Monday, June 29, 2009

Michael Jackson

Where to start?

I don't know about the rest of you, but never before in my life have I been so conflicted. I'm usually pretty steady when it comes to my moral core. I pride myself on being able to see multiple sides to situations and try to be compassionate and understanding as appropriate. But when all is said and done, I have some basic core beliefs that I hold myself to and -- right or wrong -- hold others to as well...

And now here's Michael.

When this blog started bubbling up in my gray matter, Michael had just died and the pale, delusional man with the melting face is who I associated with his name. But after days of listening to endless loops of his music -- which I am STILL not tired of -- someone else has emerged. My brain has slowly filed away the man who I believe molested one, if not several, children.

And I am having a hell of a time justifying my sadness over his life and death with that fact.

It just begs the question: are we as a society willing to overlook one of the most heinous crimes -- if not THE most heinous -- because he was a brilliant musician and entertainer? If you're talented enough, can you just do whatever the hell you want??

Normally, I would answer with a resounding "Hell no!" but here I am tap, tap, tapping my feet to the 50th playing of "The Love You Save" and feeling a great deal of sadness for him, his family, and for us.

But I think it's more than just his death. I have to say, I'm not terribly sad to see the freak show he became disappear. It reminds me of when my father died to some extent -- wait, bear with me!! lol. During surgery for cancer, my father suffered a moderate stroke in his right brain which altered his personality. Over the next four years that he lived, he wasn't really my father and I wasn't really his daughter -- I was his cheerleader, as he relearned the most basic things... To make a tremendously long story short -- when he died, I was relieved that I could finally talk to my father again. My pre-stroke father. I knew he was with me again and that I didn't have to pretend anymore. And I guess I feel a little of that with Michael. His death has allowed me to look past who he became and return to the boy, teen, young man that I grew up with.

And that's where the other level of sadness comes in. My heart goes out to that boy who was physically and mentally abused. My heart goes out to the teen, who may have suspected he was gay in a family who was so staunchly religious that he would have been unaccepted if it were true. My heart goes out to the young man who so hated himself that he began mutilating his body in an effort to escape. And my heart goes out to the person who was surrounded and isolated by piranhas and leeches who must have assured him over and over and over that his behavior was perfectly normal -- especially if it meant another trip on Michael's gravy train.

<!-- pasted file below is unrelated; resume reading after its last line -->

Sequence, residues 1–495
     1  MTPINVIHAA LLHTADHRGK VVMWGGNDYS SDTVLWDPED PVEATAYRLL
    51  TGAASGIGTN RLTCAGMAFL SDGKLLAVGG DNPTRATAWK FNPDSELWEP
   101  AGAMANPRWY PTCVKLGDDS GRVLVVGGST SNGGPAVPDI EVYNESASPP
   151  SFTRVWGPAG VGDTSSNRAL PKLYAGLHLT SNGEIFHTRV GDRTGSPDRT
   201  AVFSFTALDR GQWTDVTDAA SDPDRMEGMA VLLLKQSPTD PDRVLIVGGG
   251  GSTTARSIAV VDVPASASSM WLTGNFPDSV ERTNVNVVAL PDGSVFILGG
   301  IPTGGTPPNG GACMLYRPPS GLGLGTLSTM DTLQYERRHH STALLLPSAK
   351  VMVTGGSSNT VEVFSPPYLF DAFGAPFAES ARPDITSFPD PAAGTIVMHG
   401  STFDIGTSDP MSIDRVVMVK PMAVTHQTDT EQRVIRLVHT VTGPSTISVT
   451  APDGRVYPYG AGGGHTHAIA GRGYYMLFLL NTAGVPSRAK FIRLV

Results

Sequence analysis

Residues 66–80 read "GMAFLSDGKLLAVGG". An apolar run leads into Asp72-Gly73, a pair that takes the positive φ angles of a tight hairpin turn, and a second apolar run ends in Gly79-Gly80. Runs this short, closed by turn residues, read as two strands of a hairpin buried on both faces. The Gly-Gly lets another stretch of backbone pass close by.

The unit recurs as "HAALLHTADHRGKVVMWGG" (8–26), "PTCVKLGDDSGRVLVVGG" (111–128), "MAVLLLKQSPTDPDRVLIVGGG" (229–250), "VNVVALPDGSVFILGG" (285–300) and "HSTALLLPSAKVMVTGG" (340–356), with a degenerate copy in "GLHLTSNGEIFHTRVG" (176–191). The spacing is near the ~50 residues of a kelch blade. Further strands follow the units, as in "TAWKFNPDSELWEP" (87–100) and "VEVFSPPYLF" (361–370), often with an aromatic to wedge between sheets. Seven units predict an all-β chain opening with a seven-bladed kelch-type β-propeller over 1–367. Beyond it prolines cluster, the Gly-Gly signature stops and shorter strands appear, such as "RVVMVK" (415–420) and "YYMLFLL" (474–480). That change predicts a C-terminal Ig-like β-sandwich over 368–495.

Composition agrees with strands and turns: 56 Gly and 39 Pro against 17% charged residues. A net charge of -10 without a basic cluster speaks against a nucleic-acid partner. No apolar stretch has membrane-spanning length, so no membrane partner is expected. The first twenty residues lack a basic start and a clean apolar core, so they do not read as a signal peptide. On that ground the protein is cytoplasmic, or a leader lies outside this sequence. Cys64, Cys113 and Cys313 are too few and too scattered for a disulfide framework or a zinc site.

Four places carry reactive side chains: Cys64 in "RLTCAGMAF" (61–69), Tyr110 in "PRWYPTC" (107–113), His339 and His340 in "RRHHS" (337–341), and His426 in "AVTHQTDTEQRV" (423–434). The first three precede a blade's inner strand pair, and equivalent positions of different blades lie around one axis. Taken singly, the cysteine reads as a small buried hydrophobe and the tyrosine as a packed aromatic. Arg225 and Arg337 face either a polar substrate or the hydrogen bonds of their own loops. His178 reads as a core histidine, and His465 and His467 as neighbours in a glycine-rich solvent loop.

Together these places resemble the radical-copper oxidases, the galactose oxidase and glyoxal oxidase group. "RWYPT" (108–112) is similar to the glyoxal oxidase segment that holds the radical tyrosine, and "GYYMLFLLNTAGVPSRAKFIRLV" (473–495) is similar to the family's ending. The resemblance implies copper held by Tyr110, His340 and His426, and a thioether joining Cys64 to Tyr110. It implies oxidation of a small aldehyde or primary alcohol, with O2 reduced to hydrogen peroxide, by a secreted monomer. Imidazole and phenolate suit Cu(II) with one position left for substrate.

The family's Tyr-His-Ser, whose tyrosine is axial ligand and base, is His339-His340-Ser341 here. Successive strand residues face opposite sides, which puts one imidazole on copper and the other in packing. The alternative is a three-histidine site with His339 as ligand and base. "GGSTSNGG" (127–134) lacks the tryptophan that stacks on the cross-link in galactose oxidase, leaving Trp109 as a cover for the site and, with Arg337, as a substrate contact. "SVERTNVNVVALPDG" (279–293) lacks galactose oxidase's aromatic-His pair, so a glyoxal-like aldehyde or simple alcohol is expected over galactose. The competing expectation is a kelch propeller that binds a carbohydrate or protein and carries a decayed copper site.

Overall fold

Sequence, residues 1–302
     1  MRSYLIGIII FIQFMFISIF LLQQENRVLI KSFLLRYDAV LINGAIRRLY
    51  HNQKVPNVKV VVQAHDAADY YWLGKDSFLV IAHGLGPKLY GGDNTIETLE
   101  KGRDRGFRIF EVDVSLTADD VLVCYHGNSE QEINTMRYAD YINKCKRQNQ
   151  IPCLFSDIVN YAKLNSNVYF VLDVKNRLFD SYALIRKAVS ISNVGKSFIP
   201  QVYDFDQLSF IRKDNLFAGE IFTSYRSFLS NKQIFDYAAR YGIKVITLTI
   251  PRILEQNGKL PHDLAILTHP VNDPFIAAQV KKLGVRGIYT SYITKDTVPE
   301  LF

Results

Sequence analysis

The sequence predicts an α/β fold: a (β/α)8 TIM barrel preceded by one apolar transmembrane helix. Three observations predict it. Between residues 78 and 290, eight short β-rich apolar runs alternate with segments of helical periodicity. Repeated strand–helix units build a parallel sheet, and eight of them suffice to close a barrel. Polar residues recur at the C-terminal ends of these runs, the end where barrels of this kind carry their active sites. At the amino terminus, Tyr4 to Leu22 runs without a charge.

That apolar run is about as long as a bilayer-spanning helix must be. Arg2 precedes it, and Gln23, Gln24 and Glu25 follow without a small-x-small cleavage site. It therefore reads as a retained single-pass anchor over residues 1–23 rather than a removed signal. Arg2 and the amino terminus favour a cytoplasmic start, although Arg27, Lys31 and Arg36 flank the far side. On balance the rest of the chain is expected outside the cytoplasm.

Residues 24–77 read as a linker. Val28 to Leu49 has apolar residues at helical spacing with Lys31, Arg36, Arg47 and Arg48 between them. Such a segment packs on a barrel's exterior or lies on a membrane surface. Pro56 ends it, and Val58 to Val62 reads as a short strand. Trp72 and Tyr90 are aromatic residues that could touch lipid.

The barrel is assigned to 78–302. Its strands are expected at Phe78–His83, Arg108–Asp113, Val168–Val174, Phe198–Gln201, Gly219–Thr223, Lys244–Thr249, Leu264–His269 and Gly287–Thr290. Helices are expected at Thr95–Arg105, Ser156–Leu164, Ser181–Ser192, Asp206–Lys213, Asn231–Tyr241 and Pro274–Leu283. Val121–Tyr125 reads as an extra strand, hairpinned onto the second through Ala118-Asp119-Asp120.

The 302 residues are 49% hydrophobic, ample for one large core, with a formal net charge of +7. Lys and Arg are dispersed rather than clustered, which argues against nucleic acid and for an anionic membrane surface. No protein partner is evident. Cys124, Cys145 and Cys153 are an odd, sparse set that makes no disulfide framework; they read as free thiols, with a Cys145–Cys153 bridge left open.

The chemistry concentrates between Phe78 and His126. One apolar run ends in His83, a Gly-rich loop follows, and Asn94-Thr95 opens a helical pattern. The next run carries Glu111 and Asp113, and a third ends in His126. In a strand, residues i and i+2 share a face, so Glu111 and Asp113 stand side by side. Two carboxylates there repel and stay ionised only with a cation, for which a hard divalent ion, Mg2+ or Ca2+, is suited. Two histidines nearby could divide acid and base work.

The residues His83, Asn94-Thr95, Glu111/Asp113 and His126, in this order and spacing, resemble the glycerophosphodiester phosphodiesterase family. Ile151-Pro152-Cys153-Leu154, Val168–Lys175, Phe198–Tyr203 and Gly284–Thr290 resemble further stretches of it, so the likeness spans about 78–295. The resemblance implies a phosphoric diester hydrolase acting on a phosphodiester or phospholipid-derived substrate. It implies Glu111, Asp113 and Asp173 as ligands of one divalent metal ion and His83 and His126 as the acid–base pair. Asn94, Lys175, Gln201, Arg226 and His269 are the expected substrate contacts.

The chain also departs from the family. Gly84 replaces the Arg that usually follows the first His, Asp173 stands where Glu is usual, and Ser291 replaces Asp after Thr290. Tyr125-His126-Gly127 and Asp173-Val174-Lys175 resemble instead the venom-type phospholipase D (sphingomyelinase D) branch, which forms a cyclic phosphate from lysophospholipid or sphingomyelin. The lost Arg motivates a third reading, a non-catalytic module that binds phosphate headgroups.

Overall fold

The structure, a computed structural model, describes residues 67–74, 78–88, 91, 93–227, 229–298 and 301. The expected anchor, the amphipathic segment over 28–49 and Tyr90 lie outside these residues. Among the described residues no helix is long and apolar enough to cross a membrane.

So here I am.

I can't forget what I think he did. I wish he had taken responsibility for it and gotten the help that he so desperately needed. But I also can't ignore how much his music was a soundtrack to the first 25 years of my life. I can't not love him. Not the 'old' Michael. And I guess that's why so many people supported him during his trial. No one wants to believe he was guilty. We want to love him and love his music. And so, we will. And I personally hope that wherever he is, he is at peace and he is being loved unconditionally -- for the first time in his short life. I don't know why any of us is surprised that we lost him at 50. I'm surprised he made it that far. After all, Michael Jackson was the boy who would not grow up.


Nickname unavailable said...

Beautifully written piece, Amy Jo. This described my feelings nearly exactly except that because of my occupation, I really have grown weary of the MJ tunes since his untimely death. He was the epitome of what I believe is a legitimate psychological disorder known as "Peter Pan Syndrome." He truly never did grow up. I don't imagine he knew how. It is with that knowledge that I am able to look past his probable heinous actions with those children. He truly was in psychological distress and little wonder. He made a phenomenal contribution to the 20th Century music scene and touched hearts and minds around the world. That is how I hope to remember him and like you, I pray he is at peace.

Acinom said...

I think you can love the music and love the talent and pity the man without condoning his behavior. That's kinda where I am with it.

Robert said...

Similar to appreciating Richard Wagner's music while condemning his anti-semitism.

AJ said...

I thought you meant Robert Wagner for a second and thought that might explain why he drowned Natalie Wood -- I think she was at least part Jewish. :)